JE: Oh so close! I really thought you were gonna make the leap! For people of a certain age, of a certain generation (let’s call them “Generation Vaguely Close to Us in Age”), Cusack can do no wrong. He’s like the best friend or boyfriend who was there for you at a key point in your life. You would not be who you are today without them. Except that same boyfriend/best friend went through some hard times, had numerous screw ups, and despite his best intentions is on the outs with you. He may try to get back in touch but you don’t always pick up. Big John, we want to like you. We want to root for you. Heck, we want to love you and take you out for a nice chicken dinner. But not when you make films like “2012.” This was one of those movies that whenever I saw the trailer I just continued to ask, “how is this possible?” The film is just laughable. Every time I saw the scene of him trying to escape L.A. as it crumbles around him, laughter came quickly. Is that really the response a studio wants? I get that disaster flicks are supposed to be a smash-bangery of epic proportions, but this was just bad. I don’t even think you can call Emmerich a hack because the guy makes so much money and keeps getting work. He’s taken his disaster porn to levels that studios can probably only say “uh…HECK YEAH! Green light it” even though they have no idea what is happening. Still, as far as Big John goes, I hold out hope, even for “Hot Tub Time Machine*” (*Make note of this statement for future reference)

Gentlemen Broncos

VPJ: I know I’m not the only one who absolutely hated “Napoleon Dynamite,” right? I mean, I thought it corny, self-consciously “quirky,” and sorta mean-spiritedly lame. Plus, as time has proven, media-anointed star John Heder is uniquely un-funny. Despite having the comic wonder that is Jables at their disposal, Jared and Jerusha Hess’ followup “Nacho Libre” was a limp nonstarter, and now the preachy married Mormon filmmaking duo have unleashed another would-be hip quirkfest which, fortunately, people resisted in indifferent droves. The story of a young (quirky) would-be writer who finds his (quirky) sci fi novel stolen by his (quirky) writing teacher and turned into a (quirky) best seller, “Gentlemen Broncos” is, well, quirky all right. It’s also ill-paced, poorly-written, burdened with a charisma-less star, and, most importantly, not at all funny. It’s just sort of desperate and lame. Undeniably-funny and talented co-stars Sam Rockwell (as the two novels’ hero in wacky-but-unfunny fantasy sequences) and “Flight of the Conchords” Jemaine Clement (as the arch blowhard plagiarist) can’t help but have their moments, but it’s not nearly enough.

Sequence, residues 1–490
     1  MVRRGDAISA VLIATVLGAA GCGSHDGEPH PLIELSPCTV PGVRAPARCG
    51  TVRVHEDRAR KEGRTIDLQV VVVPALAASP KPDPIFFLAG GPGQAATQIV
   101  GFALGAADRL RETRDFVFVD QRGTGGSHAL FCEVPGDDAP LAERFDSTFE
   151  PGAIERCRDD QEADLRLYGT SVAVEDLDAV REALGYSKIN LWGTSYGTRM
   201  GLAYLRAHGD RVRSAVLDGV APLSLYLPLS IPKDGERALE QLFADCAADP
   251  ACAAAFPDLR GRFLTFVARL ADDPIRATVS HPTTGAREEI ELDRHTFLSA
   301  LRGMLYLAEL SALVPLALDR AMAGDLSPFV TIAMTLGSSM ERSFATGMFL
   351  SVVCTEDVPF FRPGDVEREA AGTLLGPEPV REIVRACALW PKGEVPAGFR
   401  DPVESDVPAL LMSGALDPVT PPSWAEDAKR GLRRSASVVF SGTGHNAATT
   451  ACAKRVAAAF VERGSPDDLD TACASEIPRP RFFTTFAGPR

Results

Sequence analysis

Ouch. Just ouch. Let me make something clear: I am going to give “Gentlemen Broncos” a shot, largely based on my love of Mr. Rockwell and Mr. Clement. It is no secret that I am an officer in the Sam Rockwell Appreciation Society (secretary 3 years running!), and if you can’t appreciate the comedy of the Conchords, and therefore Jermaine, then I have no patience for you. Does it look silly? Yes. Quirky? Oh dear lord, too much so. But I like quirky (to an extent), and have been known to delight in silliness (let the record show I loved the movie “Hot Rod.”). So I’ll give it a shot. That said, let me also make this statement: I never watched “Napoleon Dynamite” and have no plans to. That movie shot the curve hard for me, going from “maybe I should see it because people are talking about it,” to “I definitely should NOT see it because people are talking about it.” There’s a fine line there. Also, you are correct. John Heder burned about as bright as an M-80 in a high school toilet, and blew up like one too.”

ALSO THIS WEEK: The Private Lives of Pippa Lee, Robin Wright Penn stars in this indie drama about a youngish wife moved to a retirement community by her much older husband (Alan Arkin), and Believe: The Eddie Izzard Story, an entertaining documentary about the hilarious British standup.


– Why the fervor over whether “Where the Wild Things Are” is appropriate for kids?

– What happened to John Cusack?

– What’s your favorite (intentional or unintentional) disaster movie?

Published in: on March 3, 2010 at 8:28 pm  Comments (1)  
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    AGOURA HILLS, CALIFORNIA – March 8th, 2010: For the first time in America, a book has been published on Japan’s foremost director of Fantasy Films: The book is called MUSHROOM CLOUDS AND MUSHROOM MEN – The Fantastic Cinema of Ishiro Honda.

    Known primarily for directing such classic Japanese monster movies as Rodan, Mothra, Attack of the Mushroom People and the original Godzilla, Honda has been a much-overlooked figure in mainstream international cinema.

    MUSHROOM CLOUDS AND MUSHROOM MEN is the first book to cover in English print Honda’s life as well comprehensively evaluates all 25 of his fantasy films. It is also gives objective and critical analysis of Honda’s filmmaking methods, themes and relationships with actors and technicians.

    Making use of extensive interviews from Honda’s colleagues, as well as a wealth of original source material never before gathered into one volume (including unpublished essays), MUSHROOM CLOUDS AND MUSHROOM MEN is an affectionate tribute to arguably the most-prolific and influential director in the history of fantasy films.

    Here is the link to the publishing company with details: http://www.authorhouse.co…Detail.aspx?bookid=65692. MUSHROOM CLOUDS AND MUSHROOM MEN is available on the Amazon, Barnes and Noble and Borders websites (ISBN No.: 978-1-4490-2771-1) and as an “E-Book.” An interview with the author about his book can be found on YouTube at http://www.youtube.com/user/encinostalgia.

    The email address for receiving complimentary review copies is: pressreleases@authorhouse.com. If you have diffiuclty acquiring a review copy, please contact the author at gojirafan53@aol.com.

    Many thanks and enjoy!